You could skip pages 1-108 and not really miss very much at all!
The author has some good tips and ideas to pass on, but unfortunately spends far too many pages presenting his theories on the way we think and feel; the side of our brain that plans versus the side that reacts; how to get one to fool the other.
There seems to be a laborious amount of repetition of these theories, I'm afraid those 100-odd pages are best described as waffle.
The form, presentation and layout of the book could also be a good deal better. Most contemporary books in this genre would make use of illustrations, relevant pictures, quotations etc. This book has none of these embellishments; it consists of 200 pages of plain text. The book contains many question & answer exercises, often running to ten or so questions, causing the answers to be 2 pages on from the relevant question - trivial, but believe me tedious when it has occurred enough times.
Another odd thing about the book is that the author has chosen to present a 'quick start' guide on one page as a preface before page 1:
"This book will tell you much more about how to do this, but the method essentially consists of these four steps"
1 - Put all the work you are behind on into backlog folders and put it where you can't see it.
2 - Collect all your incoming work during the day and deal with it the next day. Group similar tasks .... Aim to clear the lot every day.
3 - If anything is too urgent to leave for tomorrow, write it down and action it at a convenient time. Never take even the simplest action without writing it down first.
4 - Spend some time clearing the backlog folders every day. When you've finally cleared them, find something else you want to get sorted and start doing that first thing every day instead.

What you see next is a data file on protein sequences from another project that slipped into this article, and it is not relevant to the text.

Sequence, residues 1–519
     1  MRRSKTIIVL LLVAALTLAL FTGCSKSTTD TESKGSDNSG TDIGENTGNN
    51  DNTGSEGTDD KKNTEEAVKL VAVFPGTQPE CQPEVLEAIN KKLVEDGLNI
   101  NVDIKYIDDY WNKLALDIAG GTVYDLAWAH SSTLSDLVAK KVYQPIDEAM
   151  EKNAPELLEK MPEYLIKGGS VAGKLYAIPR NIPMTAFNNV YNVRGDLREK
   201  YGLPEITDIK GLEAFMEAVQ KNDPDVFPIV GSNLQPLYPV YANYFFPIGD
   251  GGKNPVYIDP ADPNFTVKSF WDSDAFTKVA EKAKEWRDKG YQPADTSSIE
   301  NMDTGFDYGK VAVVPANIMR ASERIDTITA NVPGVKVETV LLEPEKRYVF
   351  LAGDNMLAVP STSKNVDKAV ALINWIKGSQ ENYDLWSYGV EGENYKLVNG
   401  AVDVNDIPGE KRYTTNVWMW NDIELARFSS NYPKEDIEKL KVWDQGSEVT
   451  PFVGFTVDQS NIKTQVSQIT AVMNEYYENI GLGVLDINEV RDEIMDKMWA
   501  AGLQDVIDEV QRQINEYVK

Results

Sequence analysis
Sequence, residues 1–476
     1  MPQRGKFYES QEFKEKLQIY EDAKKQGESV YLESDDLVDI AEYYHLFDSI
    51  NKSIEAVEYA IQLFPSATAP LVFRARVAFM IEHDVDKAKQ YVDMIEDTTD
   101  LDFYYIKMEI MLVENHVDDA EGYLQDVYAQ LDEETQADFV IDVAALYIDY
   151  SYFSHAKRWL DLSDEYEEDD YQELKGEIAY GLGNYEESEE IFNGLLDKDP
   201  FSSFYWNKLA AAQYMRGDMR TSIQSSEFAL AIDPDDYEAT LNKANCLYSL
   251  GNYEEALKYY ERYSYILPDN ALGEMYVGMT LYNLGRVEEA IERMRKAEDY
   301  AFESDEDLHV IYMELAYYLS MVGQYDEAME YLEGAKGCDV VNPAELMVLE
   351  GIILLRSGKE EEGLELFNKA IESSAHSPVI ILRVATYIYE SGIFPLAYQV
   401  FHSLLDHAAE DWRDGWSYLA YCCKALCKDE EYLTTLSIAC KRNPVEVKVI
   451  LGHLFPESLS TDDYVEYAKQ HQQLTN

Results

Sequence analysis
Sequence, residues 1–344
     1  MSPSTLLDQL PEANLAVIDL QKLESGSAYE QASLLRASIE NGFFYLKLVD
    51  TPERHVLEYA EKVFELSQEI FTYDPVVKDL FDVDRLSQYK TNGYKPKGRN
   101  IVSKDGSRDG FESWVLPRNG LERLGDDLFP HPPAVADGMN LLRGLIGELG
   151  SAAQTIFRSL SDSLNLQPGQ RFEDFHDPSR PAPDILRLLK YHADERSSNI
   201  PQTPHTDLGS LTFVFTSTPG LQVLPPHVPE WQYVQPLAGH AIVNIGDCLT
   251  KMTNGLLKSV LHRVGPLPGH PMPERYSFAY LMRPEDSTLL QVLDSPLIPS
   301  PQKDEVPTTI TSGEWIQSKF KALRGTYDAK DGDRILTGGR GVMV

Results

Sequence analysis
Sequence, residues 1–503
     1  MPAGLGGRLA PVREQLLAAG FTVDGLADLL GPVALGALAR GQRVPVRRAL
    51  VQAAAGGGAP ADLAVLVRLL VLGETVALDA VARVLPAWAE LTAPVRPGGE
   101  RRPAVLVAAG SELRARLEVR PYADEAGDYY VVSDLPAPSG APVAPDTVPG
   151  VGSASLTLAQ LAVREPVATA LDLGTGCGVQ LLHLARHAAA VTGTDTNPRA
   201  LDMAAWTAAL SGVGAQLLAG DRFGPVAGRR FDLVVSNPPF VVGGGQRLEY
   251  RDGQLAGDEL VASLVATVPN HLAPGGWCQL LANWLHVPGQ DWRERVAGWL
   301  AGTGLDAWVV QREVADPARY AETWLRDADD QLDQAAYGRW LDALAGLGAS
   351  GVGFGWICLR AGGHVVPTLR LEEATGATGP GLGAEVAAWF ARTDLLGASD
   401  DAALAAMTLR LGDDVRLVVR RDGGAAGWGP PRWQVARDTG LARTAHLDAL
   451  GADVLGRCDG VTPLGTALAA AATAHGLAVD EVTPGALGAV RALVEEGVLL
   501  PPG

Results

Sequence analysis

I can understand the principle of "tell 'em what you're gonna tell 'em", but there's just no hook or wow factor in that preface, to then follow it up with 100 pages of waffle!!!
The final chapter seems completely at odds with the bulk of the book, one can almost sense that this time management guru was almost late for his deadline and wrapped it up quickly. After so many verbose chapters we are very directly and succintly told the best way to file (lever arch folders) and that it's best to keep these on a bookshelf and to always replace the most recently used folder at the left hand end - an interesting alternative to filing cabinets, I could see it working, I reckon it's probably a good idea. These ideas are presented in a few pages of greyed-boxes, looking different to the rest of the book.
The author refers to his use of Microsoft Outlook, and of striving for a single collecting point, then advocates a day journal, and a page-a-day diary, and a determination to write everything down before doing anything.
In my humble opinion, if you want help and a methodology for managing the modern ills and overloads of email, tasks, time scheduling and project management it would be a far better use of your time to read 'Take back your Life using Microsoft Outlook' by Sally McGhee. I read this book and bought copies for several colleagues. We all had Outlook, but by using that book gained a greater understanding of the capabilities of the software AND a common language for managing work effectively.
My apologies for going against the crowd, I anticipate that I run the risk of negative feedback from the many 5-star raters who have gone before. Might I ask that if you disagree with my review and decide to award me negative feedback that you also take just one moment to add a comment as to where we disagree? (Thanks for that)